Creating amyloid-beta requires the convergence of a protein called amyloid precursor protein (APP) and an enzyme that cleaves APP into smaller toxic fragments (beta-secretase or BACE). Both APP and BACE are common in the brain, so why don’t we all get Alzheimer’s?
Cultured hippocampal neurons and tissue from human and mouse brains have now revealed that healthy brain cells largely segregate APP and BACE-1 into distinct compartments as soon as they are manufactured, ensuring the two proteins don’t have much contact with each other. However, in conditions promoting greater production of amyloid-beta protein (an increase in neuronal electrical activity), the convergence of APP and BACE also increases.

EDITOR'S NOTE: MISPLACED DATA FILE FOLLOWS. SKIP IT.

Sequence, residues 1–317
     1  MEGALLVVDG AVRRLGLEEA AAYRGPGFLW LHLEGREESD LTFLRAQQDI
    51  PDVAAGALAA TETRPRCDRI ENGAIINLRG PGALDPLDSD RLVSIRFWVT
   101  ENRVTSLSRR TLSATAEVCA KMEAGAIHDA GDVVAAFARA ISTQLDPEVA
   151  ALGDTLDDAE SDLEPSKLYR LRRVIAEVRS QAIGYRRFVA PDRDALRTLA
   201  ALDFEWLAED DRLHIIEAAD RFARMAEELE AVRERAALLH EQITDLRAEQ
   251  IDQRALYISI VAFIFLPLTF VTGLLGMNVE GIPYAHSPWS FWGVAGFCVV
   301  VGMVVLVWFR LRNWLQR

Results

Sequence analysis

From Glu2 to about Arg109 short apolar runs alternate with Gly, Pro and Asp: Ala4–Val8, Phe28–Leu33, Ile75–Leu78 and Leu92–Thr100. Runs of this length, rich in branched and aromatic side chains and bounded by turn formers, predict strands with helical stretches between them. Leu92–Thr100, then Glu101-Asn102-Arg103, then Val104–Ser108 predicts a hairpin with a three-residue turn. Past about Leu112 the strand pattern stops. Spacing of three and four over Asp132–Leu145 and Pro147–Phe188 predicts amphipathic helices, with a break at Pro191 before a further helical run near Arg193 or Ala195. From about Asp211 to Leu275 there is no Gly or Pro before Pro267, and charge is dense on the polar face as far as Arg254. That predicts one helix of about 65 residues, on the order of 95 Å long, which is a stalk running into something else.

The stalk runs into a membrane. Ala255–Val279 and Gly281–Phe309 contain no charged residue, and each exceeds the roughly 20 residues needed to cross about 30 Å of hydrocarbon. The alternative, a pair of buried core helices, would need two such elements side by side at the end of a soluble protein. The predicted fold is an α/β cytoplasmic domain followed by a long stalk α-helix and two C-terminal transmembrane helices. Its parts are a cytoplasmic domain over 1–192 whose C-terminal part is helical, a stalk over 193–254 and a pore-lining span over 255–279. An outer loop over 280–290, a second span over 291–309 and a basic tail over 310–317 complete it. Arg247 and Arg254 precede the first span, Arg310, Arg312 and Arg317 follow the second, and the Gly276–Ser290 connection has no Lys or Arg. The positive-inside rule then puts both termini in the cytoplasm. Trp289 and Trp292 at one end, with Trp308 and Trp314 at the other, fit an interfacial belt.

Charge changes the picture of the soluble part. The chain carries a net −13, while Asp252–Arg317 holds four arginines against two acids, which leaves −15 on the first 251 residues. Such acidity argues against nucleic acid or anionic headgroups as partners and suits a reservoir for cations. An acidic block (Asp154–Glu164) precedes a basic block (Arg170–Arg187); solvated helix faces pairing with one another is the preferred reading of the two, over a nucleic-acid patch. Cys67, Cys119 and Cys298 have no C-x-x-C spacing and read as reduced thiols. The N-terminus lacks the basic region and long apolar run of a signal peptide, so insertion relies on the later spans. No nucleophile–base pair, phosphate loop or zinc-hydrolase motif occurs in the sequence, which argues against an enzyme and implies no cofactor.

The findings not only add to our understanding of how Alzheimer’s gets started, but also suggests a possible therapeutic target: molecules that can physically keep APP and BACE-1 apart.
(2013). Activity-Induced Convergence of APP and BACE-1 in Acidic Microdomains via an Endocytosis-Dependent Pathway.
Neuron. 79(3), 447 - 460.